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Teaching With Documents:
Woman Suffrage and the 19th Amendment

Petition for Woman Suffrage Signed by Frederick Douglass, Jr.

Wealthy white women were not the only supporters of woman suffrage. Frederick Douglass, a former slave and leader of the abolition movement, was also an advocate. He attended the Seneca Falls Convention in 1848, and in an editorial published that year in The North Star, wrote, ". . . in respect to political rights, . . . there can be no reason in the world for denying to woman the elective franchise, . . ." By 1877, when he was U.S. marshal for the District of Columbia, Douglass's family was also involved in the movement. His son, Frederick Douglass, Jr., and daughter, Mrs. Nathan Sprague, and son-in-law, Nathan Sprague, all signed this petition to the U.S. Congress for woman suffrage ". . . to prohibit the several States from Disfranchising United States Citizens on account of Sex."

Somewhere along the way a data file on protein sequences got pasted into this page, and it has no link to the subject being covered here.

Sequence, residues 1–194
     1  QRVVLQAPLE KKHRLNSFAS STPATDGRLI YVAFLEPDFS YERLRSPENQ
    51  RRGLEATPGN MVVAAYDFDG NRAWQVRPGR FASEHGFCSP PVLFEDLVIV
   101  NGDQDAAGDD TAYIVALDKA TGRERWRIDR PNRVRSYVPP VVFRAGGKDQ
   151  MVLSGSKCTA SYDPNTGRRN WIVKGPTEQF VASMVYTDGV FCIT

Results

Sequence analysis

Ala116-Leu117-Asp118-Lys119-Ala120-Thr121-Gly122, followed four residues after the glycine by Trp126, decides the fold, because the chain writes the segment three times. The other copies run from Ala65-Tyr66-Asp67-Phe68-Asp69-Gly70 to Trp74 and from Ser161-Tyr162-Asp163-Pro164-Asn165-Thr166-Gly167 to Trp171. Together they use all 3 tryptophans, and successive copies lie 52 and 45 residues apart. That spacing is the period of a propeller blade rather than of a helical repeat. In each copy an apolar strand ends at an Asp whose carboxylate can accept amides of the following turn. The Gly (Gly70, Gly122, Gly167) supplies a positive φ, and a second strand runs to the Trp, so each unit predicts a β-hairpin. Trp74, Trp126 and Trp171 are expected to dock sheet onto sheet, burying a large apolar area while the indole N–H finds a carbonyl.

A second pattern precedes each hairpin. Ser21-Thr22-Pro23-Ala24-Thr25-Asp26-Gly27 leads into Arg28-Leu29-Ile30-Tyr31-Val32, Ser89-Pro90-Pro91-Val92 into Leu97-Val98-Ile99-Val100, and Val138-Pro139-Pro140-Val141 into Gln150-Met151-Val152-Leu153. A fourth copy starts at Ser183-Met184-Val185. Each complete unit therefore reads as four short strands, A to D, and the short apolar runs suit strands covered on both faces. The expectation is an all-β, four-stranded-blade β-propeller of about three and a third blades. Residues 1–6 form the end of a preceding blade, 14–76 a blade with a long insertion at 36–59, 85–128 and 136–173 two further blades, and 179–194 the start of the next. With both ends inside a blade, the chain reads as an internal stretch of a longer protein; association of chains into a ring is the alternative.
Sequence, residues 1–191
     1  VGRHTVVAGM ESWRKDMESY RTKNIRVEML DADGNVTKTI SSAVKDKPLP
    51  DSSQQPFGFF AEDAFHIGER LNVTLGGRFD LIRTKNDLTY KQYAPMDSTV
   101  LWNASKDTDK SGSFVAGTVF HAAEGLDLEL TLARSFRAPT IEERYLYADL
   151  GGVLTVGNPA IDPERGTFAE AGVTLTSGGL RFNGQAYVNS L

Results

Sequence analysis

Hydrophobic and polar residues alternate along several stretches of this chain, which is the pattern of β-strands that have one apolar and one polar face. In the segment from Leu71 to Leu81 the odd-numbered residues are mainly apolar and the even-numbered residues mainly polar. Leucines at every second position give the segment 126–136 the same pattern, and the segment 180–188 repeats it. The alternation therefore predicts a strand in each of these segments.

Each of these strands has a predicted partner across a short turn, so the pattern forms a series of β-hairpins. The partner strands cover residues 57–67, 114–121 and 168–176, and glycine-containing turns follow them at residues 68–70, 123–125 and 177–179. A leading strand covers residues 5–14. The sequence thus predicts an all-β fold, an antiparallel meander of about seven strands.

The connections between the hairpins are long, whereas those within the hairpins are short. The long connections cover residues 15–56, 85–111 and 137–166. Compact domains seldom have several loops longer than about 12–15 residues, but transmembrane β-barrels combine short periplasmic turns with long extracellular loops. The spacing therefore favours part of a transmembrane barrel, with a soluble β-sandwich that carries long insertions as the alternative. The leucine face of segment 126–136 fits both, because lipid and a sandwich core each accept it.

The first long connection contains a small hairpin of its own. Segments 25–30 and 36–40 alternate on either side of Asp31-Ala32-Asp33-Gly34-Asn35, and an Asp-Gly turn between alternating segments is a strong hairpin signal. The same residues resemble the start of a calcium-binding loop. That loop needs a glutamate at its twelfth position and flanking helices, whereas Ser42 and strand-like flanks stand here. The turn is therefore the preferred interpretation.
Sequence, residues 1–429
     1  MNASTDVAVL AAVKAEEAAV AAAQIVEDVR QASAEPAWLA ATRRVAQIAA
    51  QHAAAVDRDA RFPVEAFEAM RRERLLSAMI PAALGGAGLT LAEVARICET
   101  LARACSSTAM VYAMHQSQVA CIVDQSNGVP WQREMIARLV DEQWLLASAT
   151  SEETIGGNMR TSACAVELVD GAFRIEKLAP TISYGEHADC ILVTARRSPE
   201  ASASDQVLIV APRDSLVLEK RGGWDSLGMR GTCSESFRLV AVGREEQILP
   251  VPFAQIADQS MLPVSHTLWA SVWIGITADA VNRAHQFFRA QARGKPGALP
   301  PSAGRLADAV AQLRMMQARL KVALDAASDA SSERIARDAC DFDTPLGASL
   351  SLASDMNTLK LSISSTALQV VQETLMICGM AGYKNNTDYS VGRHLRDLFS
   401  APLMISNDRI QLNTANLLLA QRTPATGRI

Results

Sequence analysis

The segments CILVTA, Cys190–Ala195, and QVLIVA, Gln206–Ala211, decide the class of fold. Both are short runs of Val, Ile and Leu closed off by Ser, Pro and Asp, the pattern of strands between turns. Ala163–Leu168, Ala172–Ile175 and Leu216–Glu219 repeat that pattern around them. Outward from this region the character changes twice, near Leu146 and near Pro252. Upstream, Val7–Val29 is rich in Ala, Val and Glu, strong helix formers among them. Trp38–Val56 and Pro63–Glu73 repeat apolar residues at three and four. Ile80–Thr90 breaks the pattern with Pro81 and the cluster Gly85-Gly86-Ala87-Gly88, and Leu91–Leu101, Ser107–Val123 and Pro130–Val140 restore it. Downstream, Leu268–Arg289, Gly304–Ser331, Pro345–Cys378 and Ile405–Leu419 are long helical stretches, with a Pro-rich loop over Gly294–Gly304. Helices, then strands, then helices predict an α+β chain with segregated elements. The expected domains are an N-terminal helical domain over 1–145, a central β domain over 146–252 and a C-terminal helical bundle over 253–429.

In addition, a growing number of black women actively supported woman's suffrage during this period. Prominent African American suffragists included Ida B. Wells-Barnett of Chicago, famous as a leading crusader against lynching; Mary Church Terrell, educator and first president of the National Association of Colored Women (NACW); and Adella Hunt Logan, Tuskegee Institute faculty member, who insisted in articles in The Crisis, that if white women needed the vote to protect their rights, then black women -- victims of racism as well as sexism -- needed the ballot even more.

The Documents

Petition for Woman Suffrage Signed by Frederick Douglass, Jr.

Record Group 233
Records of the U.S. House of Representatives
National Archives and Records Administration

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